I was eight or nine, maybe ten. I remember the day, because a playdate outside the neighborhood was a special occasion. I don’t know if playdates weren’t as common then or if I just wasn’t invited. Over the years, I’ve tended to think it was more that I wasn’t invited. It’s not that I’m playing victim or that the other kids didn’t like me—it’s that I just understand better now. You see, I was the preacher’s daughter.
Being the Preacher’s Daughter
I didn’t know then what that meant or how my arrival anywhere was indivisible from my father’s occupation in the tiny town where we lived. But at that playdate on that day, in a lovingly kept ranch set back from the country road, with its flat yard that stretched away from all sides, I came to understand something of power.
After we played in my friend’s bedroom where I admired her canopy bed, we sat down at a glass-top table for a meal not just with my friend, but also with both of her parents. I can’t remember why exactly, but something occurred that required my friend to be disciplined. But as I ate my food, I picked up on the parents’ embarrassment about whatever happened. They were embarrassed in front of me, their guest who wasn’t quite ten. And from somewhere deep within me, I felt a surge of authority.
It shames me to share with you that, in between mouthfuls, I decided to tell them how my parents—how their preacher and preacher’s wife—would discipline me. It went further than honest comparison. I actually made things up because I recognized how intently they were listening. During our meal together, I said something like, “At my house, my parents always spank us right away.” But my parents definitely didn’t spank us often, and I can’t imagine we’d interrupt dinner for that. Apparently, I appreciated a captive audience. My friend’s parents jumped up immediately from the table, whisked my friend off, and administered the threatened consequence right away. I could hear everything, all the while enjoying my heaping plate of satisfaction and smugness.
Apparently I was a terrible friend—perhaps that’s the real reason I didn’t have many playdates. But this was the day that I began to understand the power of my words. What I didn’t understand yet was that what I said held power because of who I was.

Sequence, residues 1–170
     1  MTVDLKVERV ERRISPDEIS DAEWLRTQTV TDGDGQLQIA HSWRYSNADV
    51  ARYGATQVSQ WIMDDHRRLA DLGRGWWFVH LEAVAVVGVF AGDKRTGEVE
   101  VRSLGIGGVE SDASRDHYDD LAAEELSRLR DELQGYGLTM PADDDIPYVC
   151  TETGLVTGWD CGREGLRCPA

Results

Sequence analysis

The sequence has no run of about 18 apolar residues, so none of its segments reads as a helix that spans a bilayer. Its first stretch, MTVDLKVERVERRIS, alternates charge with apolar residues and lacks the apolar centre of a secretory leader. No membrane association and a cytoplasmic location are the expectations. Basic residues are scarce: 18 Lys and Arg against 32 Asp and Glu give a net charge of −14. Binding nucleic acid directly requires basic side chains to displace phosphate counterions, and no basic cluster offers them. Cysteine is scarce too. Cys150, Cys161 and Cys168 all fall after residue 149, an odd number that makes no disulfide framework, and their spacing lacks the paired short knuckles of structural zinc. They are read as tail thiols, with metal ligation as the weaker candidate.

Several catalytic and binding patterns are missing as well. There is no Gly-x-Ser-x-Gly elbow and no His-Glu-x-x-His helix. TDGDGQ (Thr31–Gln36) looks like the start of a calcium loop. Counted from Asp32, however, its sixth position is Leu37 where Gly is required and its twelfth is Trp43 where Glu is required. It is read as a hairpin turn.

Becoming the Daughter of the King
When I left for college I gained the freedom to be something other than the preacher’s daughter. I left that identity behind completely, choosing new labels: school newspaper editor, sorority girl, soccer player’s girlfriend. Four years after my husband and I were married we moved to Boston and began attending a picturesque, white-steepled church in a quintessential New England town. When I met our new pastor, we shook hands and traded names, and I found myself resurrecting the identity that I’d buried for years: “My dad is a preacher.”
I’m sure part of my title’s second-act appearance grew from the discomfort of being unknown in a church. I didn’t know how to be part of a church without being the preacher’s daughter. But I was mostly picking it back up from its discarded place, because the only place my faith found root was by proxy. My perception of a preacher’s daughter and the life I lived didn’t match. I’d resuscitated it because of what I thought it stood for—perhaps a life lived for Jesus first, perhaps a deep knowledge of faith, perhaps even an understanding of what it means to be part of a church. But this preacher’s daughter, who should have known Jesus, considering the many years of required Sunday School and children’s choir and church potlucks and youth group, didn’t. I knew something of the preacher’s power, but not the preacher’s God.
I was thirty-three when I discovered I couldn’t hide behind labels anymore. I didn’t truly find Jesus until the labels wore out, worthless to confront pain and confusion and difficulty. I couldn’t begin to understand who I was until I faced who I wasn’t. Once I was at the end of myself, and focused instead on the great I AM, he named me. He labeled me. I wish I’d known all those years ago how “preacher’s daughter” lies flat, counterfeit, next to “daughter of the king.”
Cover image by Helena Hertz.
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